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I'm currently studying the book accelerated C++ (Koenig / Moo) and I'm having trouble with one of the exercises. The problem is to write a program which takes as an input some sequence of words which it then stores in a map. The strings are the words entered and the associated int is the number of times each word occurs. You then have to sort the words by the number of times they occur; that is, by the value and not the key. You can't sort a map by the value, so I tried to copy the elements to a vector instead, which I intended to sort using a predicate. Unfortunately, all I get is a screen full of errors from g++. They seem to stem from the same place - putting the elements of my map into my vector, which I try to do like this:

int main()
{
    map<string, int> counters;

    cout << "Enter some words followed by end-of-file (ctrl-d): ";
    string word;
    while (cin >> word)
       ++counters[word];

    //maps cannot be sorted by values, so pass the elements of counters to a vector
    vector<map<string, int> > vec_counters;

    map<string, int>::const_iterator it = counters.begin();
    while (it != counters.end()) {
       vec_counters.push_back(*it);
       ++it;
    }

This is obviously just the first part, but I can't get even this to compile. I get the error:

32:31: error: no matching function for call to std::vector, int> >::push_back(const std::pair, int>&)’ /usr/include/c++/4.5/bits/stl_vector.h:741:7: note: candidate is: void std::vector<_Tp, _Alloc>::push_back(const value_type&) [with _Tp = std::map, int>, _Alloc = std::allocator, int> >, value_type = std::map, int>]

I guess I'm doing something fundamentally stupid... but I can't for the life of me see what..

Any help would be great!

C

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1  
This sounds like a job for a Boost.Bimap! –  Kerrek SB Jan 24 '12 at 23:34

4 Answers 4

up vote 3 down vote accepted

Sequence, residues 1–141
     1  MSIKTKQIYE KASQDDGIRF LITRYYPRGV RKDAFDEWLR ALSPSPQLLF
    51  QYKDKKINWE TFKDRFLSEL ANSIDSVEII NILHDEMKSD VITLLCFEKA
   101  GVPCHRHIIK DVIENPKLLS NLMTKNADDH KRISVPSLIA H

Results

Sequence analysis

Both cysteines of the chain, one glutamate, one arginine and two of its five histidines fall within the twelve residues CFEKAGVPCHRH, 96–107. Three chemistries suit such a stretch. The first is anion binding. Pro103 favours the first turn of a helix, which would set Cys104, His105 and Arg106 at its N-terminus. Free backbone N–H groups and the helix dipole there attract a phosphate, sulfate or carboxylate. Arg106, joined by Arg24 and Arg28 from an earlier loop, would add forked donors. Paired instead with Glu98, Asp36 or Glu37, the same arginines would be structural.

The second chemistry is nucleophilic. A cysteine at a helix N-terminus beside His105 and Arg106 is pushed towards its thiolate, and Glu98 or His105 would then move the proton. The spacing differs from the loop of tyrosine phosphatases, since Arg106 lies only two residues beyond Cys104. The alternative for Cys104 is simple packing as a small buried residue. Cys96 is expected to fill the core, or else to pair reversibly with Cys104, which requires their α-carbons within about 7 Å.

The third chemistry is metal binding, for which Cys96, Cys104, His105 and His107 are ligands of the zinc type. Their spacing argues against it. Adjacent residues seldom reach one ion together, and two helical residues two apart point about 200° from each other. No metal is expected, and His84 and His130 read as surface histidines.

I'm pretty sure you aren't looking for a vector of maps:

#include <map>
#include <vector>
#include <string>
#include <iostream>

using namespace std;
int main()
{
    map<string, int> counters;

    cout << "Enter some words followed by end-of-file (ctrl-d): ";
    string word;
    while (cin >> word)
       ++counters[word];

    vector<std::pair<string, int> > vec(counters.begin(), counters.end());
}
share|improve this answer
    
Arr, partial std abuser! –  Kerrek SB Jan 24 '12 at 23:47
    
@KerrekSB: not. I just copied the sample from the OP, and I can't break my good habits :) (hi, by the way) –  sehe Jan 24 '12 at 23:52
    
Thanks sehe, stupid mistake on my part - obviously there is only one map. I didn't know that each element of a map was referred to as a pair, though. KarrekSB: you mention partial use of std:: in the actual code. I tend to put in all the 'using std::cin;' type lines at the start. Is that considered bad practice? –  weatherwax007 Jan 25 '12 at 10:49

A bit off-topic, but here's a sexy solution using a bimap, which is a map in which both sides work as keys.

#include <iostream>
#include <sstream>
#include <string>
#include <boost/bimap.hpp>
#include <boost/bimap/list_of.hpp>
#include <boost/bimap/set_of.hpp>

int main()
{
    boost::bimap<boost::bimaps::set_of<std::string>, boost::bimaps::list_of<int>> m;

    for (std::string line; std::getline(std::cin, line); )
    {
        ++m.left[line];
    }

    auto & bml = m.left;
    auto & bmr = m.right;

    bmr.sort();

    for (auto const & p : bml) { std::cout << p.first << " => " << p.second << "\n"; }
    for (auto const & p : bmr) { std::cout << p.first << " => " << p.second << "\n"; }
}
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Thanks! Wasn't even aware of bimap. –  weatherwax007 Jan 25 '12 at 10:52

You want to put the elements of a map in a vector. Maps are made out of pairs, not other maps. Therefore, your vector should be a vector of pairs.

That said, it looks like the reason you want the vector in the first place is to sort by values in the map. Why not then make your map map< int, string > instead? This will result in it being sorted in ascending order by the ints : Elements in the map are sorted from lower to higher key value following a specific strict weak ordering criterion.

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Dereferencing a std::map<std::string, int>::const_iterator gives you a std::pair<std:string, int>, not a std::map<std::string, int>, so instead of this:

vector<map<string, int> > vec_counters;

you want this:

vector<std::pair<string, int> > vec_counters;
share|improve this answer
    
This question is probably one of the most obscure C++ STL usage questions ever. Following up with OP's question, does std::pair still give you the benefit of std::map's fast retrieval? –  Xavier Ho Jan 24 '12 at 23:43
    
@XavierHo: A std::pair<std::string, int> has a single std::string and a single int, so it's actually much faster retrieval than std::map, which has all the overhead of potentially having multiple elements. –  ruakh Jan 24 '12 at 23:55
    
After re-reading OP's question, I think I misunderstood his intention. Yes, std::pair will be the best choice for the use case. I was thinking actually having a std::map in a std::vector, which is a different data structure entirely. –  Xavier Ho Jan 25 '12 at 0:01

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